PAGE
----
kubectl port-forward service/grafana 3000:3000
				
			

6. However, port-forwarding will only expose the UI to you if you want to expose this Grafana to be used by others. We can use the external IP by checking the service and then add a DNS to it from your cloud console. To check the external IP type, the below command.

				
					kubectl get svc -n <your-prometheus-monitoring namespace>
				
			
inside prometheus monitoring namespace kubectl

You can reach your Grafana ui using :3000.

*** External IP is not to be exposed and used, please ensure you add a dns name before sharing the Grafana details with others.

7. Use admin as username and password to login and then reset your password.

Once Grafana is set up, now is the time to connect a data source, and as mentioned above, we will be using Prometheus in our example next.

7.1 Click on the settings icon and select “Data Sources”. Check below image: 

Data Sources configuration opsmx

7.2 You will be taken to the Configuration page, where you have to click on “Add data source” tab.

add a source configuration opsmx

7.3 Once you click on “Add data source” you will get a list of tools that can be used as your data source, select Prometheus from the list.

add a data source prometheus opsmx

7.4 Once you select Prometheus, you will be taken to the setup page, where you can configure all your Prometheus settings. Usually, the Name field is chosen by default which you can edit as per your choice. You must enter the Prometheus URL in the URL section and configure Auth if you have applied the same in your Prometheus.

Prometheus settings OpsMx

7.5 Once you have filled in all the necessary details, at the bottom of the page, you will get the “Save & test” button, which you have to hit to test your Prometheus connection. If all the setup is fine, you will get a confirmation stating “Data source updated” and “Data source is working,” like in the below images. If you get an error message, your Prometheus details must be checked.

Prometheus Connection OpsMx
Data source is working OpsMx

Now that we have set up the Prometheus data source, it is time to set up the Grafana dashboard. Even though you can create panels from scratch by clicking on the add button in the left panel of Grafana UI, you will have to enter or define each parameter and edit the metrics browser based on your data source.

welcome to Grafana dashboard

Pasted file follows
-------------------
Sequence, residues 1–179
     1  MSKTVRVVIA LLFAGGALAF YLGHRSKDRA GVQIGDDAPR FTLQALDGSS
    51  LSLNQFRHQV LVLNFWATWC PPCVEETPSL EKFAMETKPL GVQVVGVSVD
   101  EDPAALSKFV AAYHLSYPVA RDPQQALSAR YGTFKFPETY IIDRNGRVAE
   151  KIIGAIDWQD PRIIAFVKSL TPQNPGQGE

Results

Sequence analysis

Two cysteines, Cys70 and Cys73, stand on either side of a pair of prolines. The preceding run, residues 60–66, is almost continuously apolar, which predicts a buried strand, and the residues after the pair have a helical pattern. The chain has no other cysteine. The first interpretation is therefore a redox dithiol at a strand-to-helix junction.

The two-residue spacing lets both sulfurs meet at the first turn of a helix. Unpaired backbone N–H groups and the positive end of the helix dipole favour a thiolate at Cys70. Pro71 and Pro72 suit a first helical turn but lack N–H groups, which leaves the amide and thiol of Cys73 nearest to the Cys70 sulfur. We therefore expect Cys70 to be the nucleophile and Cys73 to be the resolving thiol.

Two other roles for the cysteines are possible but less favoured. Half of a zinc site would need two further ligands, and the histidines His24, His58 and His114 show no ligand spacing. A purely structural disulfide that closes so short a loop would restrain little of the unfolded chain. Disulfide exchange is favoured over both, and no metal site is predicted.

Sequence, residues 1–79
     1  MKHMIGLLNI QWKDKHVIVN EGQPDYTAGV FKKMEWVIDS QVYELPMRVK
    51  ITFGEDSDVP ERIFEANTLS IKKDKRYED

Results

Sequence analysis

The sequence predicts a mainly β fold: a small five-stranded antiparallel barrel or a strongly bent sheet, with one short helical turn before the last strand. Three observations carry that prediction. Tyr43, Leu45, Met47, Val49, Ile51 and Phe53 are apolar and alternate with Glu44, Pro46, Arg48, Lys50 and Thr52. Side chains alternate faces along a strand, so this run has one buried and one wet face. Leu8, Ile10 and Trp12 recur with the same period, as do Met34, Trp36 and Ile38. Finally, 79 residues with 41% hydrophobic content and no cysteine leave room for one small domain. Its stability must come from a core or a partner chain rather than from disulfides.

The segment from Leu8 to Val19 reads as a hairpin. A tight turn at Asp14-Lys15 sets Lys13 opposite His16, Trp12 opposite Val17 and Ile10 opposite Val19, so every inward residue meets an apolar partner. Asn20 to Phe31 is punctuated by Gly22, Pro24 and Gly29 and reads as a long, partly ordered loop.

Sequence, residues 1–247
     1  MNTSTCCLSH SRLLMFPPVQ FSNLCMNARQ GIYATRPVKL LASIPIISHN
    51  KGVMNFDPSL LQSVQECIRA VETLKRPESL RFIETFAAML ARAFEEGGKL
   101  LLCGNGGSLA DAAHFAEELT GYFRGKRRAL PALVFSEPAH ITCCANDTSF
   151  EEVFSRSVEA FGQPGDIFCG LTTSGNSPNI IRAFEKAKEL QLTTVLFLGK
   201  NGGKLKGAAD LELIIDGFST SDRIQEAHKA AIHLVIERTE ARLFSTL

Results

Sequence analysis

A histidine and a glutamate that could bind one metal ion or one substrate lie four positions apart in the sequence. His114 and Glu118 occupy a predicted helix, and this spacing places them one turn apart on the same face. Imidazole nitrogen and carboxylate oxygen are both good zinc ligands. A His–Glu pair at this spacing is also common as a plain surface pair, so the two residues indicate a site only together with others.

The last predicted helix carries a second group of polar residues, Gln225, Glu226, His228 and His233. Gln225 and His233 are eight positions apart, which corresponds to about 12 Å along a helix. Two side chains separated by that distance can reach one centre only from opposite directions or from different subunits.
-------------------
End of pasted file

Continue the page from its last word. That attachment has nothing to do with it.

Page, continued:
set up Grafana UI

These may not be comfortable for a lot of us at the beginning. To address this issue, Grafana provides custom dashboards, and these are some of the best dashboards available to be used: https://grafana.com/grafana/dashboards/

We can import the JSON of these ready-made dashboards and import the same in our Grafana UI. For Kubernetes cluster monitoring, very detailed dashboards are available through which we can monitor cluster namespace and pod level details in our Grafana.

Kubernetes cluster monitoring OpsMx
monitor cluster namespace and pod level details in our Grafana

To import JSONs all we have to do is again click on the add button and click on “import”, then click on “Upload json file” to load your json file and voila your custom dashboard is ready for usage.

import json file
upload json file

What makes Grafana Popular ?

Many companies are implementing Grafana as it can connect with many data sources, like Prometheus, MySQL, InfluxDB, AWS CloudWatch, and others. This flexibility of supporting various data sources and quick installation process has made Grafana quite popular among analysts, DevOps personnel, developers, and product managers.

Conclusion

We at OpsMx provide support for Grafana integration with our OpsMx Intelligent Software Delivery Platform. We also use Prometheus and Grafana to monitor some of our internal instances hosted on the cloud. We also effectively use Prometheus and Grafana to monitor Spinnaker instances actively.

If you are interested in OpsMx Intelligent Software Delivery Platform, give a try once

Ayan Ganguly

Ayan is a DevOps Engineer at OpsMx. He helps platform teams of large clients across US and UK regions implement Continuous Delivery solutions. He has nearly 10 years of experience in IT maintenance, support, and operations. He is an avid book reader, and in his spare time, he likes to trek mountains.